Mexican Favorites - 108 pages

From Williams-Sonoma Kitchen Library - Time Life Books

Caution! You might want to very careful about reading this book if you're hungry - the pictures look so delicious it'll drive you wild! The photography is extremely good. Each recipe has a full-page close up color photo of the prepared meal on the opposite page. This book is a nice size to be able to just flip through the pages looking at the large photos till you find the meal you want to prepare and eat.

So what's this book like, exactly? Well, the main part of the book is made up of 3 sections:
  1. Appetizers and snacks

  2. This includes some better-known favorites, like quesadillas, tortilla soup, and a delicious guacamole dip. In this pare of the book you'll also find an easy to make Tex Mex cheese dip to be served with your favorite tortilla chips - and the classic Mexican appetizer Ceviche. (note: Ceviche also makes a great, light main course.) While ceviche can be made with fish too, this recipe is called ceviche con camarones. (ceviche with shrimp).
  3. Light lunch or brunch

  4. Here in this group we get into some more substantial Mexican meals. A sample of the recipes you find here include: Scrambled Egg Enchiladas, Chilaquiles, Tamales - authentic with the corn husk wrappers - stuffed Poblano chiles, another Tex-Mex dish is included - a yummy Taco Salad. Also, Crab meat tostadas(on the larger 5 inch tostadas, and chicken tostadas on the smaller 2-3 inch chip size tostadas.)
  5. Casual Main Courses

  6. The main course meals are what you'll find in this last main section of the recipe book. Some of the meals you'll see how to make here are chile con carne, beef fajitas, stuffed shrimp, and several more variations of enchiladas.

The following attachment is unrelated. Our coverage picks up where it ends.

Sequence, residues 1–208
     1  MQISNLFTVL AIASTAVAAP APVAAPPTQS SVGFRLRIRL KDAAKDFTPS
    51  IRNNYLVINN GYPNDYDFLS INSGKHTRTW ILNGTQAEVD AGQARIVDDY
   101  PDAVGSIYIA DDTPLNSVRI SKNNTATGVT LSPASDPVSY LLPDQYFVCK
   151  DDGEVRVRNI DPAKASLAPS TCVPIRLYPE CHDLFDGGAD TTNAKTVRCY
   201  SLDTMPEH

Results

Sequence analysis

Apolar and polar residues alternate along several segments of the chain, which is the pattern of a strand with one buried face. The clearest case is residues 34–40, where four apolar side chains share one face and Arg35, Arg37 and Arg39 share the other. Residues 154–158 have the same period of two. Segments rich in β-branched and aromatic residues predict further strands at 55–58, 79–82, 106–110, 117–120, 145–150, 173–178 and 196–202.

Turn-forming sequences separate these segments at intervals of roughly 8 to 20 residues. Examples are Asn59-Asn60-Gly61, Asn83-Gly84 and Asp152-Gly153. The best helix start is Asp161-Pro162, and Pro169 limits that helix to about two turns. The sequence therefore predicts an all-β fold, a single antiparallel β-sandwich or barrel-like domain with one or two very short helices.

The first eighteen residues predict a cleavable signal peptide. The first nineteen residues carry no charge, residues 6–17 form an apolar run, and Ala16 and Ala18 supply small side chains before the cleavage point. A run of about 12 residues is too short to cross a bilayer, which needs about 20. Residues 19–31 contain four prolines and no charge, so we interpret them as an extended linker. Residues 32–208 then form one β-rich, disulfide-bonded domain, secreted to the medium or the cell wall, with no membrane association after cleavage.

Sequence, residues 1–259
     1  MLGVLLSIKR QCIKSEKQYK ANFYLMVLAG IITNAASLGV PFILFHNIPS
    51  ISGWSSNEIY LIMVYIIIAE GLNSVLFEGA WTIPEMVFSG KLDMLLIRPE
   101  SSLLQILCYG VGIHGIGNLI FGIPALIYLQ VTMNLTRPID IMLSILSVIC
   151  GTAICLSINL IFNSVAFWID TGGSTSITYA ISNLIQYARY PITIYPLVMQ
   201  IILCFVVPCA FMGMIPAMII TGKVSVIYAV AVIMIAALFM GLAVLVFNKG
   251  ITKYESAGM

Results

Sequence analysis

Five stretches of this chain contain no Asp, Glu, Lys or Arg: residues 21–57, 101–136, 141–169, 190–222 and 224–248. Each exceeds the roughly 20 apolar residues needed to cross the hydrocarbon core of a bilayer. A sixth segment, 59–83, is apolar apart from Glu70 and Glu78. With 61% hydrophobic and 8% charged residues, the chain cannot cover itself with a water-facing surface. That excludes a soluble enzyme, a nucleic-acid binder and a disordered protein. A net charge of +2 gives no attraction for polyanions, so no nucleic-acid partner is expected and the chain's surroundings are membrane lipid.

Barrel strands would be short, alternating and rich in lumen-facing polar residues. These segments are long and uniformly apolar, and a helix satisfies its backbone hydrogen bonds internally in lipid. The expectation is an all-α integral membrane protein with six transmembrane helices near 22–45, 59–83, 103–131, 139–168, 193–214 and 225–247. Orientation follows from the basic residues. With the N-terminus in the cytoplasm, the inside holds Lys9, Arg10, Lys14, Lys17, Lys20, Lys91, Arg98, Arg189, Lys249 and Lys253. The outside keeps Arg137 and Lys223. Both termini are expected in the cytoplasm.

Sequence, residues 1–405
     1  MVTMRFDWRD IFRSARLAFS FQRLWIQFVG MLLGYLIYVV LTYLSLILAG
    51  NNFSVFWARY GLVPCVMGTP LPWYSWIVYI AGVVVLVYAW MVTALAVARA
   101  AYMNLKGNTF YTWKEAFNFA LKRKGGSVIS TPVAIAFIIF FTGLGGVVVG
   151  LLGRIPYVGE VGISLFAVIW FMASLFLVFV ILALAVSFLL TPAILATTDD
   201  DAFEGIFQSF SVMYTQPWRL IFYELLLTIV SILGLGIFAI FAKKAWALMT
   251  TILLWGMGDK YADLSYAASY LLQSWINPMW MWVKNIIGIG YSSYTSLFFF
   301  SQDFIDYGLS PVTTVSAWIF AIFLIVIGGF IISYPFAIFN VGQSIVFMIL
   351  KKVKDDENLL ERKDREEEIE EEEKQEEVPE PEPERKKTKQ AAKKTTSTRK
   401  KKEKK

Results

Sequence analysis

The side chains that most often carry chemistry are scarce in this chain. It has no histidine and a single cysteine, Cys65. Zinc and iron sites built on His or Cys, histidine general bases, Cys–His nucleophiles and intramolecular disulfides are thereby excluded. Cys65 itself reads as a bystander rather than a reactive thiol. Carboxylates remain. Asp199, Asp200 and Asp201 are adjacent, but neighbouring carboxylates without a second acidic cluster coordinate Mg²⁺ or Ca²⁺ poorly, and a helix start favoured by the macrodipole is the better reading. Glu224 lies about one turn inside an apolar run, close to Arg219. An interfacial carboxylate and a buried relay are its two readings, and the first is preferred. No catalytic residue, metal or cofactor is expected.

There isn't any introduction to the 3 sections. You can glance up at the strip across the top of each page and immediately see what section you're in. As I paged through the book I often passed from section to section without realizing it.

How are the recipes in the book presented?

The presentation style of the recipes is straight forward and inviting. Each recipe basically uses 2 pages of the book - 1 page for a large, close up picture, and the other side (facing page) is used for the recipe itself. All the recipes have these basic components:
  1. Title

  2. The title is listed in English with a Spanish translation underneath.
  3. The list of ingredients

  4. The ingredient list is set off to one side by itself making it very easy to see at a glance.
  5. Description

  6. This is followed by a few sentences that describe the recipe, saying things like what part of Mexico the food is popular in, what beverages are traditionally served with the food. Popular ingredients substitutions that you might be interested in are found here. Also, sometimes they tell you how the food is commonly eaten in Mexico whether by hand or which utensils are used by the natives. What garnish is used, the history of the food dish. Also, sometimes a recipe will go well with another recipe in the book (such as refried beans or guacamole) and they'll mention that fact.
  7. Preparation Instructions

  8. Finally, you get the preparation instructions for the recipe. These are very detailed, and fairly long - usually the length of the instructions is between 200 and 300 words for each recipe. So you get all the facts and guidance you need for a successful preparation of the food you're interested in making. They Finish up the page with how many people the recipe serves.

In addition to all the recipes, there are a few other part / sections that the book has which I'll describe here: